IGF-1 (insulin-like growth factor 1, insulin-like growth factor 1 type) or somatomedin C (since it mediates the action of somatotropin) is a growth factor, a peptide hormone similar to insulin that has an anabolic effect on tissues and promotes growth organism.

IGF-1 is produced primarily in the liver as a consequence of GH-induced stimulation. When GH secreted by the pituitary gland reaches the liver, it acts to produce somatomedin C. Once IGF-1 enters the circulation, it acts on specific cellular receptors that activate growth, proliferation, and cellular repair processes and inhibit apoptosis (programmed cell death) … Circulating IGF-1 is bound to a transport protein that renders it inactive, only the free form can bind receptors. This transporter has the function of modulating the activity of the sometemin in question.

The action of this hormone is determined, in particular, on muscles, erythropoietic cells, cartilage and oss ​​a, but also on other tissues such as internal organs, nerves and skin.

This growth factor has various isoforms and is actually produced not only by the liver, but to a lesser extent by other tissues such as muscle, isoform m (mIGF-1), the expression of which is also induced by intense training, where it has a local effect that stimulates tissue restoration.

IGF-1 is the most anabolic hormone of the whole organism, its effect on muscles is carried out by stimulating tissue hypertrophy and hyperplasia through the activation and proliferation of myoblasts or satellite cells, which are a class of muscle stem cells that, when activated by the action of somemin C, multiply , multiplying and generating new cells, thus increasing the total number of muscle cells.

IGF1 has been produced biotechnologically and is used in the treatment of certain forms of dwarfism that do not respond to GH, similar to Laron’s dwarfism, which lacks receptors for growth hormone, which therefore does not activate IGF1 production. In this case, the use of exogenous GH is ineffective, since the cause of dwarfism is insensitivity to the action of GH, and therefore the treatment is based on the use of somatomedin C, a mediator of the action of growth hormone, but is not performed. body. Currently, in addition to this particular pathology, IGF-1 is used in replacement therapy and is being studied as a treatment for ALS (amyotrophic lateral sclerosis) and insulin-resistant diabetes.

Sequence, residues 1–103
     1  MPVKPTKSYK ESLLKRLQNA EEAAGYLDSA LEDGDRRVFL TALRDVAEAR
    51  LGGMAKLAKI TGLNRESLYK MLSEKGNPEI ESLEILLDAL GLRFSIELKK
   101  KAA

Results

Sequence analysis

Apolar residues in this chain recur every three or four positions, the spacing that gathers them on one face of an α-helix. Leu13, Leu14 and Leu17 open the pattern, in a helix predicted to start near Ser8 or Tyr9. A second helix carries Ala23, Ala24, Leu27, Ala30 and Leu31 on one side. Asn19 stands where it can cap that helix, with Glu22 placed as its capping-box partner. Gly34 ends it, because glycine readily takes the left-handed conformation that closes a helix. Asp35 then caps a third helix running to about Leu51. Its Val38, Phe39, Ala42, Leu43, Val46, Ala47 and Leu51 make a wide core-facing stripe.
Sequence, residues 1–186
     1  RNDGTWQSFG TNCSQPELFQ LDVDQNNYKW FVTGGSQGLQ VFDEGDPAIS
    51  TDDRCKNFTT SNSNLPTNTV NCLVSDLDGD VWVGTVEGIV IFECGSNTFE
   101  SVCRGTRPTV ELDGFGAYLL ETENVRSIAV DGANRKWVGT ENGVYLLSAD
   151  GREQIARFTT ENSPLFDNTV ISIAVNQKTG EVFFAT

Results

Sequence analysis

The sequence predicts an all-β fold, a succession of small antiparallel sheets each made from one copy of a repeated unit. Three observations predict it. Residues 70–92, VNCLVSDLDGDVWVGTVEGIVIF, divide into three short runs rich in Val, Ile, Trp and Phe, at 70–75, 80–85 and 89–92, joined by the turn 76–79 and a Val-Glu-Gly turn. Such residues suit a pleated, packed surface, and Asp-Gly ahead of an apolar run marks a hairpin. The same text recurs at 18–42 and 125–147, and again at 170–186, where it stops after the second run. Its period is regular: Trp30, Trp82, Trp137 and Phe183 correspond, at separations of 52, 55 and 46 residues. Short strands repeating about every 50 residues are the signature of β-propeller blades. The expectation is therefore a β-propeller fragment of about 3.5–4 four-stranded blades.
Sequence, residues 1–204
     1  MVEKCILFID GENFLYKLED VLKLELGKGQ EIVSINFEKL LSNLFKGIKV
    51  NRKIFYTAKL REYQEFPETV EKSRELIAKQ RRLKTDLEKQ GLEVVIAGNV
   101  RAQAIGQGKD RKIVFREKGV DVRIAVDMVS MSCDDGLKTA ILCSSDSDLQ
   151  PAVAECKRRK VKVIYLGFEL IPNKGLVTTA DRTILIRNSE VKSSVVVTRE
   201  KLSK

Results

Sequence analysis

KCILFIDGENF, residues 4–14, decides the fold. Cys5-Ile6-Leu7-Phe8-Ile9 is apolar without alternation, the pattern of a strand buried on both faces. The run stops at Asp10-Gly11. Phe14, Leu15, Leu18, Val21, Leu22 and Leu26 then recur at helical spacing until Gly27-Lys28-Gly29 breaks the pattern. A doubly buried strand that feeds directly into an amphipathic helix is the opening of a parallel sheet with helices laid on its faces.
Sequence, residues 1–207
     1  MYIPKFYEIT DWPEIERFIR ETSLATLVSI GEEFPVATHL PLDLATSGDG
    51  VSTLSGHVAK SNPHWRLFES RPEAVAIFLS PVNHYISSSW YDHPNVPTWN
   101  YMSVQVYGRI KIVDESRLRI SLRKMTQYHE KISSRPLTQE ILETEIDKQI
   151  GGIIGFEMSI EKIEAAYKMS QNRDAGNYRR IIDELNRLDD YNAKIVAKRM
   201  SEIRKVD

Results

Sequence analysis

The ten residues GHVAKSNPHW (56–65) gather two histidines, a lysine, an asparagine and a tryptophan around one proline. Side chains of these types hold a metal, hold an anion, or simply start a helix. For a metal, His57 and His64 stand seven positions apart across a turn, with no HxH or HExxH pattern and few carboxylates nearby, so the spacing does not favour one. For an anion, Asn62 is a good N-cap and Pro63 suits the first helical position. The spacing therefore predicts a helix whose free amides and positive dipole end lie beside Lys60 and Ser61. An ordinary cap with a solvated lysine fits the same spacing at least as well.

It is obvious that a substance with these abilities is used by athletes to increase muscle mass and strength. In addition, having a very short lifespan in this case, it is very difficult to detect it in anti-doping tests, in fact, there are still no confirmed cases of a positive attitude towards the tests, however, for several years it has already been available to athletes.

The side effects found with this substance are similar to those reported for GH, but are likely more noticeable as IGF-1 mediates the effects of growth hormone. In particular, there is a correlation between somatomedin C levels and the development of cancer, in fact, it seems that various forms of cancer grow faster when there is more IGF-1 in the body, moreover, this substance causes visceromegaly, which is often the cause of the huge bellies that can be seen many bodybuilders.

Information on methods of administration by athletes is scarce, but it appears to be used in dosages of 60 to 120 mcg per day for 6/12 week cycles.


This is a special pharmaceutical form of IGF1 in which an amino acid has been replaced in the original chain and the amino acid sequence N-terminus has been added. These modifications make the substance more active, since it is more difficult to bind a transport protein that inactivates the growth factor.

Des (1-3) IGF1

The form is 10 times more active than IGF1, which lacks the last 3 amino acids. This structural change increases the affinity for the receptor and interferes with the binding of the carrier protein to the growth factor.